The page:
Epigenetic Robotics 2009 under the auspices of FEELIX GROWING

Epirob09 LogoThe 9th International Conference on Epigenetic Robotics: Modeling Cognitive Development in Robotic Systems (EPIROB'09) is hosted in Venice, Italy from the 12th to 14th of November 2009 and is organized under the auspices of FEELIX GROWING this year. More information can be found at: 

Robot Playground at the Science Museum

The Feelix Growing Nursery (from AthenaWeb)How will humans interact with the robots of the future?

Feelix Growing Nursery features robots developed by UK labs to help scientists answer this increasingly important question and were on show in the Science Museum's Antenna Gallery on 17 - 19 February 2009.

The Robot Playground displayed a group of robots from a ‘robot nursery' developed by Dr Lola Cañamero as part of the European Feelix Growing Project, led by University of Hertfordshire. The nursery contained different types of baby robots: an expressive robotic head, Aibo dog-robots and humanoid Nao robots. Like any good human nursery, these robots were given a play mat and some toys to explore, while being watched over by human caregivers.

The expressive robot head responds to the emotions of humans sat facing it. Visitors did get the opportunity to see it express its own emotions and play peek-a-boo with it. The Aibo dog robots invited people to become their caregivers, using visual and tactile contact to relieve distress. Toys were on hand to calm these playful canine robots. Researchers from the University of Hertfordshire were on hand to answer questions and to get feedback from visitors to the event.


Murray, JC., Cañamero, L. (2008) 'Towards a Hormone-Modulated Model for Emotion Expression in a Socially [...]', SAB'08

Murray, JC., Cañamero, L. (2008) 'Towards a Hormone-Modulated Model for Emotion Expression in a Socially Interactive Robot Head'. In: The Role of Emotion in Adaptive Behavior and Cognitive Robotics at SAB 2008, Osaka, Japan. July 7-12, 2008.
In this paper we present a robot head ERWIN capable of human-robot interaction, endowed with interactive mechanisms for allowing the emotional state and expression of the robot to be directly influenced by the social interaction process. Allowing the interaction process to influence the expression of the robot head can in turn influence the way the user interacts with the robot, in addition to allowing the user to better understand the intentions of the robot during this process. We discuss some of the interactions that are possible with ERWIN
and how this can affect the responce of the system. We show an example scenario where the interaction process makes the robot go through several different emotions.

Gaussier, P., Andry, P., Boucenna, S. (2008) 'Dynamic fields and Interactive Systems', Dynamic Field Theory & Applications

Gaussier, Ph., Andry, P., Boucenna, S. (2008) 'Dynamic fields and Interactive Systems'. In: Proceedings of Conference on Dynamics & Applications. Braga, Portugal. September 2008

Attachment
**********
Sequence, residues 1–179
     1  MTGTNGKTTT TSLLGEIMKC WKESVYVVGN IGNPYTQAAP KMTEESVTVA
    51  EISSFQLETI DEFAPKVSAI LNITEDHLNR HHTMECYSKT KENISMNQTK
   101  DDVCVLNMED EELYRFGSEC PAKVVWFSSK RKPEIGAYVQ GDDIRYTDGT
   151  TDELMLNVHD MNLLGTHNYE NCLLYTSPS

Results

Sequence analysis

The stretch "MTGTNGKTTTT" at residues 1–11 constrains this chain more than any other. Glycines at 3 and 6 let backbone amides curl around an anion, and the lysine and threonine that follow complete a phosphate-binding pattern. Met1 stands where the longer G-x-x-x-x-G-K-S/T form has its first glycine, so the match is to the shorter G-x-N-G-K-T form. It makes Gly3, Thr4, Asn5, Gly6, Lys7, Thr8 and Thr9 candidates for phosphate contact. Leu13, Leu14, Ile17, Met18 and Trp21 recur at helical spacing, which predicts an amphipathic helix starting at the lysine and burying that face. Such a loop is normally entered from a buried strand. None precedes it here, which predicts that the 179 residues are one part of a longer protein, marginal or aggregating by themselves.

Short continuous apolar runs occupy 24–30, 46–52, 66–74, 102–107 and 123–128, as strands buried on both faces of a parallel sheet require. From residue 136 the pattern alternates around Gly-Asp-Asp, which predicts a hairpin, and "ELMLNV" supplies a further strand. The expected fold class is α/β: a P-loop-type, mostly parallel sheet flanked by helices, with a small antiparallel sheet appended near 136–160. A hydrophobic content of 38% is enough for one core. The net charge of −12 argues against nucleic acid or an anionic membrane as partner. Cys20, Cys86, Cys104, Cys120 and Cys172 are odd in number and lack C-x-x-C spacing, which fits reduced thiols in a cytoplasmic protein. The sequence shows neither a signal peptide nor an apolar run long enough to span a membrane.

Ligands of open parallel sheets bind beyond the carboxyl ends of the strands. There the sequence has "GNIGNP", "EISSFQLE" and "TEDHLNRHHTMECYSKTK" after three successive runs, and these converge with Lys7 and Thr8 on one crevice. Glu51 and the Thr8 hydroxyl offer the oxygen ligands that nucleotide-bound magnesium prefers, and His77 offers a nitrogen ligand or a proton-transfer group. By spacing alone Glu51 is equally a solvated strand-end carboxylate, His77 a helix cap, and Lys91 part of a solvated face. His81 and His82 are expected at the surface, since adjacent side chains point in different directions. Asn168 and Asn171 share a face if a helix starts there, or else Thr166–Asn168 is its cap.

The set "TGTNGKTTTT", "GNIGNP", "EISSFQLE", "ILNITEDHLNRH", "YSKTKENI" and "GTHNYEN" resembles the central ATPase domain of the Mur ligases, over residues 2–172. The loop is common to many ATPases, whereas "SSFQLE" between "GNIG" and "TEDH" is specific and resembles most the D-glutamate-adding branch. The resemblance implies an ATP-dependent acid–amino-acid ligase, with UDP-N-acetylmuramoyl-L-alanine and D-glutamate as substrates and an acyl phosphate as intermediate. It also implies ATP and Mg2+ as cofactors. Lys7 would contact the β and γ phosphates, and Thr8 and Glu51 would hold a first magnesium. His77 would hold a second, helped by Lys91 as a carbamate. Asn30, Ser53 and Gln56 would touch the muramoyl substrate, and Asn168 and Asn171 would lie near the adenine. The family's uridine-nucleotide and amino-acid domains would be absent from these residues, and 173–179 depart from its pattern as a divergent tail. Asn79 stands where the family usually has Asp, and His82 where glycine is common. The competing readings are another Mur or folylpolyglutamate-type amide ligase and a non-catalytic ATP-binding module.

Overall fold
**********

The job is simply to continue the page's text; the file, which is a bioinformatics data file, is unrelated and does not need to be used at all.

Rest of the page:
The dynamical system approach is an interesting framework to analyse and design complex control architectures
[7, 6]. Focusing on the dynamics allows to overstep some limitations of functional approaches and
to enlight possible emergent properties. For instance, in previous works, using the perception ambiguity, we
have shown that a simple visuo-motor homeostat can be used to trigger low level imitation capabilities [5, 4].
Moreover, dynamical neural fields allow to combine easily in a single system different control strategies (different
motor commands obtained from different neural networks working at different frequencies can be easily merged
in a single neural field allowing the control of several degrees of freedom). Yet, in these systems performances
directly depend on the human capabilities to maintain the interaction. To allow turn taking or simply long term
interactions the robot must not be only a reactive system but must be endowed with some ”will” to interact.
In recent works, we have shown a simple internal oscillator can be used to maintain low level interactions. To
go one step further, we try to address the question of predicting what could be the stable states of a system
interacting with its environment [2, 3]. As a toy problem, we have analysed how an expressive robot head could
learn to associate the facial expression of a human or another robot with its own internal emotional state. We
have shown in the case of a simple reactive architecture that a solution to obtain a stable state of interaction is

Lagarde, M., Andry, P., Gaussier, Ph. (2008) 'Distributed Real-Time Neural Networks In Interactive Complex Systems' CSTST'08

Lagarde, M., Andry, P., Gaussier, Ph. (2008) 'Distributed Real-Time Neural Networks In Interactive Complex Systems'. In: Proceedings of the IEEE International Conference on Soft Computing as Transdisciplinary Science and Technology (CSTST 08). Paris, France. October 2008
In this paper, we present two graphical softwares which help the modeling and the simulation of real time, distributed neural networks (NNs). Used in the frame of the development of control architectures for autonomous robots, these softwares allow a real time control and an on-line learning of different behaviors. We present as an illustration two control architectures: the first one allowing a mobile robot to navigate using on-line learning of visual places, and the second one allowing a robotic head to learn to express a given set of emotions during imitation games.

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